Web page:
Under ASC 606, control is the key element in determining when to recognize revenue in reseller and distributor arrangements. To determine when control is transferred, the entity must first evaluate whether the contract is a consignment arrangement. In a consignment arrangement, the reseller functions as an intermediary, so control is not effectively transferred until the product is sold to the end customer. If the contract is not deemed to be a consignment arrangement, the reseller is considered the end customer, and control is transferred upon delivery. Further, the extent of revenue to be recognized is contingent upon the amount the entity reasonably estimates entitlement to, considering the constraint on variable consideration. Therefore, an entity may be able to recognize revenue earlier if it is probable that at least part of the amount to be recognized will not be subject to a significant reversal.

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Bel (SEC Correspondence May 2020): Consignment Contracts

Bel manufactures products that “power, protect, and connect electronic circuits” and sells to a variety of consumers. In a comment letter issued to them in May of 2020, the SEC requested that Bel explain their reasoning behind designating some of their contracts with customers as “consignment” contracts using ASC 606-10-55-79 and 80. To Bel, these contracts originally seemed to be on consignment, just because they would ship goods to “customer-designated hubs” where the customer would acquire their purchase at a later time. In response to the letter, Bel noted they had mislabeled these contracts and used three indicators of consignment arrangements in ASC 606-10-55-80 in their evaluation. Since the indicators in total demonstrate that those transactions would not be labelled as consignment, the control of the goods effectively transfer as specified in the contract’s shipping terms, meaning, Bel can recognize their revenue before the customer even picks up the items.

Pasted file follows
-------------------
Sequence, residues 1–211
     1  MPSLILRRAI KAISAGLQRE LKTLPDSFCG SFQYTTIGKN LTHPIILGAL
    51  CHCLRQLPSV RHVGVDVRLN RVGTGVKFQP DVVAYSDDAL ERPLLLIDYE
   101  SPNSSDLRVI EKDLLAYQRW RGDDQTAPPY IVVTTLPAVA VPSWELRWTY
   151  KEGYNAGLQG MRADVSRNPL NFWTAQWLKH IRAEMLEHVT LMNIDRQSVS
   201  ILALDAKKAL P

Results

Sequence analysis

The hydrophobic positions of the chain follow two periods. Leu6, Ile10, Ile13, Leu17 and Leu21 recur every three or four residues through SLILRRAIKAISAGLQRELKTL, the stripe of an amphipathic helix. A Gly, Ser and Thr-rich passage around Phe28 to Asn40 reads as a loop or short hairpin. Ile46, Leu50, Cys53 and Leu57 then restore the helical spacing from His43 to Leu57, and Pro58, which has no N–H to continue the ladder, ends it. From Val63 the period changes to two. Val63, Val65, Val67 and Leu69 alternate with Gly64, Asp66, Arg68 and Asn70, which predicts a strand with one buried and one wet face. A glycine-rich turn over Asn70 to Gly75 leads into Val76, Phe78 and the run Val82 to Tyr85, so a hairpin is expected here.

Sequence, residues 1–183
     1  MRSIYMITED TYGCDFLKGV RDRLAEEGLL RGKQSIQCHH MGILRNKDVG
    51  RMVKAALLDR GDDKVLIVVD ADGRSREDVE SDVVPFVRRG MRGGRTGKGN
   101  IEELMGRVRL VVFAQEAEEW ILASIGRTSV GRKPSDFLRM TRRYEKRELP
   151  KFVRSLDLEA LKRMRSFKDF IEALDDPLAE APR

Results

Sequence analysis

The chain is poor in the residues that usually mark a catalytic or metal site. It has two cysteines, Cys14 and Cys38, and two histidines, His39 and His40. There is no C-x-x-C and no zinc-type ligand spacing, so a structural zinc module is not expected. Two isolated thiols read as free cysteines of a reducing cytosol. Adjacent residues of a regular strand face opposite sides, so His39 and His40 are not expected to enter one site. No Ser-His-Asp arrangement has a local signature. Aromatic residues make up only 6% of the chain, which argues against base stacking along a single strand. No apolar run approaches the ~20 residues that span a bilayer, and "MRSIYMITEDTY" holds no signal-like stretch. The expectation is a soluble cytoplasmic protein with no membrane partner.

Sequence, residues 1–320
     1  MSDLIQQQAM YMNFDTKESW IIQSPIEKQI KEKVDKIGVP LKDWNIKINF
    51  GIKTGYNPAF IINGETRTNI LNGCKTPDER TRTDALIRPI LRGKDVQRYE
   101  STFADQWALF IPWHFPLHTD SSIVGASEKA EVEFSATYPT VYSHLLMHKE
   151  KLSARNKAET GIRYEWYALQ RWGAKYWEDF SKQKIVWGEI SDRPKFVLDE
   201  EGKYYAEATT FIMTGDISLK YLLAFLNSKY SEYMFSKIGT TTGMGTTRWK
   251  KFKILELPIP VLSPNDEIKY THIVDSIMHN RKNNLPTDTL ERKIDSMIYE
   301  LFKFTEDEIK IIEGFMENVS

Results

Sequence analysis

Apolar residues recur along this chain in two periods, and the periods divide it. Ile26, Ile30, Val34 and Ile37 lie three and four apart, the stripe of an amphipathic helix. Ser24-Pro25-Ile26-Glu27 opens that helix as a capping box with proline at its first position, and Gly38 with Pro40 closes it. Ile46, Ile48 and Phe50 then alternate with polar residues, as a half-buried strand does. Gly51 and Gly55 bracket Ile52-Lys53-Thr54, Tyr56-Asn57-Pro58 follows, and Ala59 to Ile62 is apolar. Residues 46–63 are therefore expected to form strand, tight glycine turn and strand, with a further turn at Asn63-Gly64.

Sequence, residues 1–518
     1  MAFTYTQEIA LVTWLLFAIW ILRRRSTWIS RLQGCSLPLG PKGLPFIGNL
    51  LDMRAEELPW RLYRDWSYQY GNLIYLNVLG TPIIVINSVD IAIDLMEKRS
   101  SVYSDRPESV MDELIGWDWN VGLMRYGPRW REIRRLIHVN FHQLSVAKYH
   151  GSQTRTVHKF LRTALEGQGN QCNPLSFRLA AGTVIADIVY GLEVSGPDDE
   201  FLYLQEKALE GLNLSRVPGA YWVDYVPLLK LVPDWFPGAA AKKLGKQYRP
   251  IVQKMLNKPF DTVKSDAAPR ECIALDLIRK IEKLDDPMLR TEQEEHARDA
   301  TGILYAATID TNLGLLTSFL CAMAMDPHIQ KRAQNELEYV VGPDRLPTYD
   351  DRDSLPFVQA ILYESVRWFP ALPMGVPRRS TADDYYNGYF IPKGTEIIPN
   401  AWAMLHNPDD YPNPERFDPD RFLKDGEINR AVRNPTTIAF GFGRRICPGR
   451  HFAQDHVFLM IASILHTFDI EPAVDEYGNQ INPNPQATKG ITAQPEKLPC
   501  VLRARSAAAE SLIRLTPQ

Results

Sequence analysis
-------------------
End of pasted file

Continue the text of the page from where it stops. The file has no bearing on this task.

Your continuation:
4. Licenses and franchise arrangements

Licenses and franchise arrangements are typical in the retail and consumer industry because most products have a licensed image or name—for instance, a license or franchise agreement exists when a retailer has contracted to use another entity’s brand or logo either on or as a part of its products. License arrangements are transfers of rights either at a point in time (obligation to provide a future right) or over a period time (access to an entity’s intellectual property). PwC industry guidance indicates that the entity must determine whether the license provides a right to access or a right to use an entity’s intellectual property (IP).

With a right to access, the IP is subject to change by the licensor. That is, the licensor’s activities can change the form or functionality of the IP, or the licensee’s ability to derive benefit from the IP is impacted by those same activities. So, at the initial transfer, the licensee neither obtains substantially all the benefits that will ultimately be available nor directs the use of said benefits. Thus, with licenses that provide a right to access IP, revenue is recognized over time. In contrast, with a right to use, the IP received by the customer at the initial transfer is not subject to change by the licensor throughout the licensing agreement. With a right to use, revenue is recognized upfront upon delivery.

In ASC 606-10-55-59, the Codification distinguishes between the two types of IP: functional intellectual property (e.g., completed media content, drug formulas or compounds, software, etc.) and symbolic intellectual property (e.g., franchise rights, brands, logos, etc.). In general, retail-company contracts will concern symbolic IP. Symbolic IP does not have significant standalone value, so it therefore provides a right to access rather than a right to use. For a more in-depth explanation on the nuances of both functional and symbolic IP, please see our article, Licenses for Intellectual Property.